While McStorytellers as publisher is championing ‘new’ and ‘unheard’ voices, I think that many writers who have been on the margins (or beyond the margins) of publishing for years, feel a bit sick about underselling their work as ‘bargain basement’.  It’s not about the money, by more about placing oneself   into a ‘market’ as wide as mainstream, but a market with less discrimination and the reputation for lower ‘quality’  that makes us think twice.  For sure it’s absolutely ridiculous to be selling ebooks at £5 or more but I think that that £3 mark is more acceptable and potentially this price point shows that a writer has ‘confidence,’ ‘experience’ and expects to be taken seriously.   Yes, their work may be niche, but that doesn’t mean it’s rubbish.  And it’s how the non mainstream author positions their work out there which is interesting to me.

As I said, my views on this constantly change. But I think reader expectation goes beyond the actual text.  Readers are becoming more ‘savvy’. Some just fill their boots with free because that’s what they like to read. Some are happy to pay for what they perceive as either ‘quality’ or something that accords to their own non-mainstream reading habits.  And the publisher (which is what the writer becomes when they press SEND on their file transfer) needs to work out which ‘readership’ they are aiming for.  Trying to do sums which say if I give them all away for a while then people will hear of me and loads will buy, or if I price it too high everyone will avoid me, are spurious.  We are all victims of the market. None of us can ‘predict’ it. This is a ‘free’ market. There is no ‘fair trade’ in writing. Perhaps there should be. I think the best that indie writers/publishers can do is to work out their pricing based on their principles and place their work in the pricing points they feel happiest in. Not where they hope to hit pay dirt, not where they feel ashamed and embarrassed or that they are selling themselves cheap.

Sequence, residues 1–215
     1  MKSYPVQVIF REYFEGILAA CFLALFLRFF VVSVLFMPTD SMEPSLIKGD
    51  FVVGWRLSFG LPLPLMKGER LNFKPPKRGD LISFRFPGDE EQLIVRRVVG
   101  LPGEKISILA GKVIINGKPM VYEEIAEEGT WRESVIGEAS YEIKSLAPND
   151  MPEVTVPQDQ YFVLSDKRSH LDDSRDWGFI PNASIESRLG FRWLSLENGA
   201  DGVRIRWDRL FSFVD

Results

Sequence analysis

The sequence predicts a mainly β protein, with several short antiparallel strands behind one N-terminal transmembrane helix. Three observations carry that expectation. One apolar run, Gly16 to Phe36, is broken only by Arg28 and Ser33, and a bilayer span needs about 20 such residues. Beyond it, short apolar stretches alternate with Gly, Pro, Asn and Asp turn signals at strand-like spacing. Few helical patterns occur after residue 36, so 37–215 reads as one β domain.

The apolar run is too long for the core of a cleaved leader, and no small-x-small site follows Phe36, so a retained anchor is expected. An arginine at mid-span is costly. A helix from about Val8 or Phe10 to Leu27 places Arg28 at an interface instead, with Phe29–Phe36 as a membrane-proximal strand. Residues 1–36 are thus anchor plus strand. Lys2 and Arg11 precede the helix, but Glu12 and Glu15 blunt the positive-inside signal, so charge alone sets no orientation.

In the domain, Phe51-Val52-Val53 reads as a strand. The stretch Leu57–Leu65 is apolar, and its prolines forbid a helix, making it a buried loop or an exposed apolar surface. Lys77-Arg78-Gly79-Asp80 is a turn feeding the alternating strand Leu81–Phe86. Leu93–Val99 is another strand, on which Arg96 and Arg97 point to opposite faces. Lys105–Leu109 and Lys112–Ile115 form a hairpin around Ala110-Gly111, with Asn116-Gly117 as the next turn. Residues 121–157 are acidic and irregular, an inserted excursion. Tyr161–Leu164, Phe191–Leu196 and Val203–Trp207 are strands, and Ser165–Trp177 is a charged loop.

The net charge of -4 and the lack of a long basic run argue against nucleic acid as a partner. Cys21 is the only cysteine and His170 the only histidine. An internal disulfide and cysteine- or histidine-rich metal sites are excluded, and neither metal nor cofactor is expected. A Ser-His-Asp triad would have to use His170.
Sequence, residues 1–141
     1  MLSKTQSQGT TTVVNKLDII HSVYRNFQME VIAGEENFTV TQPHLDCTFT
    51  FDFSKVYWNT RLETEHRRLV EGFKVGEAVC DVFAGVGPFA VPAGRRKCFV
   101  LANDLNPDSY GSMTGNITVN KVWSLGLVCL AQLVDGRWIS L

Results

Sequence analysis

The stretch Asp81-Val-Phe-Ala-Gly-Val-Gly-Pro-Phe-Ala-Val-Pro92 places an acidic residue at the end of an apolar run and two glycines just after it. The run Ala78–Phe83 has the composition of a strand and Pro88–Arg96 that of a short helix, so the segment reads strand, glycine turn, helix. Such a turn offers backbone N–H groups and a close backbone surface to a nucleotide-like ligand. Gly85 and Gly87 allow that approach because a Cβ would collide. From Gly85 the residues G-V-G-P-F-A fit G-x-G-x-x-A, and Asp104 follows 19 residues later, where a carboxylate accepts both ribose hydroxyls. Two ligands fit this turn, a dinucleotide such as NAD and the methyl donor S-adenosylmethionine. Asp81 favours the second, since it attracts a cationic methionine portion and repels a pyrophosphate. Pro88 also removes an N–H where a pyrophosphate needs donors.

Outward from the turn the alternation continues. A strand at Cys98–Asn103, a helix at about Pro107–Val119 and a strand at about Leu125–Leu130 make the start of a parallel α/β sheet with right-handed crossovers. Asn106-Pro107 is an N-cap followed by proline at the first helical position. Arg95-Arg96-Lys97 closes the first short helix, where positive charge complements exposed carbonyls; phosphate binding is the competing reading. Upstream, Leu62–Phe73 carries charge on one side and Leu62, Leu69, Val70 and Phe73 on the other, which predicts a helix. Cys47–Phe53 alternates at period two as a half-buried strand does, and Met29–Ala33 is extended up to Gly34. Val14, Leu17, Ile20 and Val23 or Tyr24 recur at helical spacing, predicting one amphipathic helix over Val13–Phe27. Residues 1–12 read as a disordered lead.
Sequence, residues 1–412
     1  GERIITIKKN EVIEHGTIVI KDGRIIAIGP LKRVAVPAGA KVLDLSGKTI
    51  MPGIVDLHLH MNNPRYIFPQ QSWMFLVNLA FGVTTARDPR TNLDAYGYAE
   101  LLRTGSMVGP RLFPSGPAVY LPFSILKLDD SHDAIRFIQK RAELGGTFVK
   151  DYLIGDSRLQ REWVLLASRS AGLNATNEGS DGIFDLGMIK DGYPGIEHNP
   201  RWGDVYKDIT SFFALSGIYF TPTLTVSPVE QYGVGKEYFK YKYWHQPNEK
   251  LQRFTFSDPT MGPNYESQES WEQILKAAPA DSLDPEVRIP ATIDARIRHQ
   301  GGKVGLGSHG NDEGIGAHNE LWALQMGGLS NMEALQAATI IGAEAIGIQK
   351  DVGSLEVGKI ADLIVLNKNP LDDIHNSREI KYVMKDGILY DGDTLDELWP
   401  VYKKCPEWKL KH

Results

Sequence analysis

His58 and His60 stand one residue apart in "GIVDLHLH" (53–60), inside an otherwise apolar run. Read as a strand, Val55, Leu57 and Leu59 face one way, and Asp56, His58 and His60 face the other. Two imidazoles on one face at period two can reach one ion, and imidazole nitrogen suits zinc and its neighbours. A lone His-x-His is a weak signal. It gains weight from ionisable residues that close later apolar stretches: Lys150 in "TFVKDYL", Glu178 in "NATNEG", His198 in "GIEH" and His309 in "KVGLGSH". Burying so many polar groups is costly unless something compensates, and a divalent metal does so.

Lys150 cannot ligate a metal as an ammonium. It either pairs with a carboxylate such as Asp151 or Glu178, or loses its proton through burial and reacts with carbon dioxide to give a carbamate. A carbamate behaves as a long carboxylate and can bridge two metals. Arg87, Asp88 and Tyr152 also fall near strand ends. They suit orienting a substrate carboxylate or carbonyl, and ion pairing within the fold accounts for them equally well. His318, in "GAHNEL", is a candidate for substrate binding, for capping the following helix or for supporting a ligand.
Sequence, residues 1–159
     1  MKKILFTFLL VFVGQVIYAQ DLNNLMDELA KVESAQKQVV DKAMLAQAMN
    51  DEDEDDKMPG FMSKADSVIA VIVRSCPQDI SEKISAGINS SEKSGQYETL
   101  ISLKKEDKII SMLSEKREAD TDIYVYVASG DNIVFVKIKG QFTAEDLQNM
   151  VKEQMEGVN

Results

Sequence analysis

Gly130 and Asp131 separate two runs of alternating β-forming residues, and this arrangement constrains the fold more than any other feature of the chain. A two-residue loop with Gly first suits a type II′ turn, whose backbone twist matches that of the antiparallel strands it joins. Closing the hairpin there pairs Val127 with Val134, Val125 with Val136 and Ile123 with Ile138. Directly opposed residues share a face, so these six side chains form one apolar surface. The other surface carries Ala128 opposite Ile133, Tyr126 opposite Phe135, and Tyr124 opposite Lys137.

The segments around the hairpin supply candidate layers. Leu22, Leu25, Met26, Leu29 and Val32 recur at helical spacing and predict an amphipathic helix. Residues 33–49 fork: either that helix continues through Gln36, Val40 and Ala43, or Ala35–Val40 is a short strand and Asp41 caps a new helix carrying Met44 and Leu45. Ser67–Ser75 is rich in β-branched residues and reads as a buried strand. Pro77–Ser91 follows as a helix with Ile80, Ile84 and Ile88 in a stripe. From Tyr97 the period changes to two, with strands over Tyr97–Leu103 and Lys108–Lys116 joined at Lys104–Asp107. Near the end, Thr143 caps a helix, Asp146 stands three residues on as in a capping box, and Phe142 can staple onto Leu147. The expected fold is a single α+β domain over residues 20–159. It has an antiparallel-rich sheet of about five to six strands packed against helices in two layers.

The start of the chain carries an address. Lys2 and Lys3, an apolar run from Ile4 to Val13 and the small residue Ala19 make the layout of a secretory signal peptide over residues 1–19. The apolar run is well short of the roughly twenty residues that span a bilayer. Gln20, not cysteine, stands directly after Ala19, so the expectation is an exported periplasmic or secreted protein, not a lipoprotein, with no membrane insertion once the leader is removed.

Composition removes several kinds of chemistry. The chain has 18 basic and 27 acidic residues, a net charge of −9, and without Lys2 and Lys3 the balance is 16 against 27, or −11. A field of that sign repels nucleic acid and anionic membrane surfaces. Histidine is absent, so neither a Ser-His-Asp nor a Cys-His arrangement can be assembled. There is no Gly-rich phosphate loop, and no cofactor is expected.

Some great writers offer their work for free because of their unease at the whole ‘capitalist’ marketplace. I have great sympathy with these people.  But equally, writers who have earned a professional living and now turned indie may find it inordinately hard to justify writing and publishing time out of a life if they ‘give it away.’

Daoism teaches us that ‘the way that can be named is not the way’ and that each person’s path is individual so I’m not advocating anything for anyone, just opening the debate for each indie writer/publisher to think and re-think their publishing ‘strategies’ which includes pricing, visibility strategies etc.  I guess my ‘dream’ is that some indies would get the courage of their conviction and form niche groups which set price structures deliberately and can explain clearly to the reader why they do this.  At the moment the big boys have us running scared. They can put out ‘mainstream’ work at £7 or £8 for ebooks or they can drop the price to 49p. It’s very hard for the reader to work out what they are getting either by price or by visibility.  And the ‘indie’ who publishes before they are ready and then charges actually makes it hard for everyone. Indies need to try to protect the reputation of non-mainstream media. And we need to be our own gatekeepers. How hard that is when you are a new writer I can only imagine.

But on reflection I think it’s positive that McStorytellers published Lee Carrick’s ‘The Care Home.’ It got a monkey off his back, it gave him the chance to ‘enter the fray’ and sundry other opportunities including being subjected to my ‘views.’ At 77p I don’t think anyone should be asking for their money back.  And this is ‘voicing’ the unvoiced. Which is a good thing.   Would there were more publishers like McStorytellers who are committed to this rather goal than to making a buck and flooding the market and peddling unlikely dreams.  We have a long way to go in this revolution. Everyone needs to play their part. We need to keep talking about it. Not about ‘quality’ and ‘bad writing’ but about how to understand reader expectations and how to meet them.  About how to present ourselves to the readership in the best light, not just about how to achieve maximum visibility.   I have much, much more to say on this and I think it’ll probably come out during the Edinburgh eBook Festival in August.